Since it’s new, it remains to be seen if commuters will cross at this location once they discover it. Most have been crossing at or east of the Schlumberger driveway across from the Amtrak driveway and then walking through the station parking lot, which is more direct. When I walked it, one commuter was doing that while another pedestrian who was walking her dog used the crossing with the flashing beacon.
Tuesday, October 4 by silvia
We have lots of copies of this government poster that we think makes a strong case for walkers, joggers and bicyclists to wear reflective material at night. We’ve put up a few in town and are displaying it at the farmers’ market … but where else should there be one?
Help us get them up by asking your church, synagogue, sports facility, employer, etc if one can go up and we’ll make sure we get it to you to bring in. Anywhere we can get out the safety message is a good l\ocation. We’d like to see them in places other than West Windsor too.
The poster is on the large size — 20″ across by 24″ tall.
Tuesday, September 27 by silvia
photo courtesy of www.pedbikeimages.org / Diana Redwood
It’s no longer light when many of us head off or come home from work, or go jogging or walking, and it will soon be darker for many more of us. The West Windsor Bicycle and Pedestrian Alliance strongly urges pedestrians, joggers and bicyclists to be bright at night.
The dark coats and jackets most of us favor make it hard for motorists to see us; the Federal Highway Administration says a driver will first see someone wearing blue 55 feet away and someone in white from 180 feet – but won’t be able to stop in time for either if he’s going 40 mph.
Even when walking in our neighborhoods, where traffic is slower, being visible helps everyone stay safe.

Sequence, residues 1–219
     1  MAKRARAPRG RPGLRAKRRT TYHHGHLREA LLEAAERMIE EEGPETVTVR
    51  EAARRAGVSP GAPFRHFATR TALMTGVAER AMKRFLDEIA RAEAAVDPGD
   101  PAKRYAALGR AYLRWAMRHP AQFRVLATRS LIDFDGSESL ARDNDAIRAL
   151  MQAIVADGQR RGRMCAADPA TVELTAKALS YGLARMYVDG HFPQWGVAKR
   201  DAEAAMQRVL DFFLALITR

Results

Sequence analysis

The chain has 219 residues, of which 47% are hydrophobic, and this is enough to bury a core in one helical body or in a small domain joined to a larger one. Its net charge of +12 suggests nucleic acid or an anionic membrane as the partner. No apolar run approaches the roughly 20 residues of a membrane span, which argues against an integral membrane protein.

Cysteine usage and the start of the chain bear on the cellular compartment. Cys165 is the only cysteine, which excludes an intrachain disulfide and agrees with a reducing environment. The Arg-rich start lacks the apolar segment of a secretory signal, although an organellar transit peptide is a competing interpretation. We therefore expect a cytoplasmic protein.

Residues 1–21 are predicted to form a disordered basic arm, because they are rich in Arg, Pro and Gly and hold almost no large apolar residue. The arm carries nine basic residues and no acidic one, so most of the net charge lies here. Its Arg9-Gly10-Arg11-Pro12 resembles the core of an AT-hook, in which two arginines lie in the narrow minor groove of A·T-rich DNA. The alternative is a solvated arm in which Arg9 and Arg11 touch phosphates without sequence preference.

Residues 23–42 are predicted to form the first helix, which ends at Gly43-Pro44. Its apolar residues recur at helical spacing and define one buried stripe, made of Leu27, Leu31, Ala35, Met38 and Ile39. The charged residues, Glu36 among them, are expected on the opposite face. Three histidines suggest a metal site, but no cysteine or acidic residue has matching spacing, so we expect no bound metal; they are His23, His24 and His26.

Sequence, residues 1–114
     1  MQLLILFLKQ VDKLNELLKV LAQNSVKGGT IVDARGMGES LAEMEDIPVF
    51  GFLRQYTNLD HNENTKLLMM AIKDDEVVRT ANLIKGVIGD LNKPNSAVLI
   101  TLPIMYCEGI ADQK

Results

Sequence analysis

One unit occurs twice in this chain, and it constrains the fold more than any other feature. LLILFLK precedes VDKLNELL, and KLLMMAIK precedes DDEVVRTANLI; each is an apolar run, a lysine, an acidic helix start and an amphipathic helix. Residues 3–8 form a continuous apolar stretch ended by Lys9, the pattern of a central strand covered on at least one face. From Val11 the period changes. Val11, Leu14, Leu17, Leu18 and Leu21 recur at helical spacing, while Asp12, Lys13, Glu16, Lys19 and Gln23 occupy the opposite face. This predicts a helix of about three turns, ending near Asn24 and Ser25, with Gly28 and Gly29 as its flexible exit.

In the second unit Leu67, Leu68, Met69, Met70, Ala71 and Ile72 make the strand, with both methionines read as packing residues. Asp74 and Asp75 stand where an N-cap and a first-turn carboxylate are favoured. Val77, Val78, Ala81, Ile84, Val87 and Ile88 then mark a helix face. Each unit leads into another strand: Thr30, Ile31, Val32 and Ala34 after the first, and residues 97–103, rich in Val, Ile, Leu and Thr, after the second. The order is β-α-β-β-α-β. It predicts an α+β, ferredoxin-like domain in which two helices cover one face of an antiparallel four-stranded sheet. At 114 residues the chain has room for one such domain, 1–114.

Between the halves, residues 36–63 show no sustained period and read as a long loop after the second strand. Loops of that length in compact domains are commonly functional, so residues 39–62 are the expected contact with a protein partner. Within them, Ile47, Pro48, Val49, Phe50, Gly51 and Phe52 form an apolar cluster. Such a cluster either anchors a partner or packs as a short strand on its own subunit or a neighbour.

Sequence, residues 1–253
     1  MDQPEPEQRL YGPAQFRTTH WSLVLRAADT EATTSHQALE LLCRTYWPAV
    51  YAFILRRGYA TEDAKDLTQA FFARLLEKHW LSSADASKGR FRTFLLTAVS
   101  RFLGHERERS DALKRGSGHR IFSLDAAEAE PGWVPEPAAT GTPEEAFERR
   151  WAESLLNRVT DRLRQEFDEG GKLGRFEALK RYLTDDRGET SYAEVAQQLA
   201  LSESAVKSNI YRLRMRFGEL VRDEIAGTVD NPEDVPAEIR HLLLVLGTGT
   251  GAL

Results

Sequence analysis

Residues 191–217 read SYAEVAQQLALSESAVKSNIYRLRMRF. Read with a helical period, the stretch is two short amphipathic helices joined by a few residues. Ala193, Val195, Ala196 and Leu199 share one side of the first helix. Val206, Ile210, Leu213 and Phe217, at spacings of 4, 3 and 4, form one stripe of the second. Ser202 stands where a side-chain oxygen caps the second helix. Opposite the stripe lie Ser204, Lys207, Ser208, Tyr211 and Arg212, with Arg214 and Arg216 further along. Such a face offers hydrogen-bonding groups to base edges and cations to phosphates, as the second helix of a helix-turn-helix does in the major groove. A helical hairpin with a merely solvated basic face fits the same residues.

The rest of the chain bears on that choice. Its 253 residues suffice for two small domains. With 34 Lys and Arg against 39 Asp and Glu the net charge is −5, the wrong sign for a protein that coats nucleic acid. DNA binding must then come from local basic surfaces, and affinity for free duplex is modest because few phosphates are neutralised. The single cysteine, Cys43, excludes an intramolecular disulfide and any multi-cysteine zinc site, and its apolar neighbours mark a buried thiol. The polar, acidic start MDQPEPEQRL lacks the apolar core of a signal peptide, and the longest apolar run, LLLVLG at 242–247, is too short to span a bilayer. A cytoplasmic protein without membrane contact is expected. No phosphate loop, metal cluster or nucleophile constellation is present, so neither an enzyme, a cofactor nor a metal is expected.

The WWBPA will demonstrate and sell a wide range of items at the West Windsor Farmers’ Market on Sat., Oct. 1 that will make you more visible: vests, belts and briefcase straps with reflective materials, small lights to hang off the end of purses and backpacks and of course lights and reflective tape for bikes. Come see us between 9 a.m. and 1 p.m. in the Vaughn Drive commuter parking lot off Alexander Road.
You can’t be too visible.
Saturday, August 27 by silvia
Responding to concerns voiced by the Township Council, the West Windsor police are enforcing the new state law which protects pedestrians by making it mandatory for motorists to stop for pedestrians in crosswalks. They also want pedestrians to stay in the crosswalks.
The law say motorists are not allowed to move again until the pedestrian is more than one lane away. (On a two-lane road, this means until the pedestrian has crossed the road. On a four-lane road, this means until the pedestrian is in front of traffic going the other way.)
Erring motorists are receiving tickets and points.
Police are also citing pedestrians who do not stay in the crosswalk (where one is available) when crossing a road, especially pedestrians who cross two streets at once in a diagonal line.
Pedestrians also shouldn’t assume that motorists see them
Everyone–motorists, bicyclists and pedestrians–treat each other with courtesy and enhance road safety for all!
Monday, May 9 by silvia
Middlesex County has created a traveling sign aimed at informing motorists about the law that took effect last year and requires motorists to stop — not just yield — for pedestrians in crosswalks. The sign also spells out the consequences of those caught not doing so: two points plus a $200 fine.
The sign can be requested by any Middlesex municipality. So where would be a good spot in Plainsboro? “Pick a street, ANY street” is what we were told via Facebook. What do you think?
The Middlesex County sign looks like this:
The WWBPA made up its own signs last year: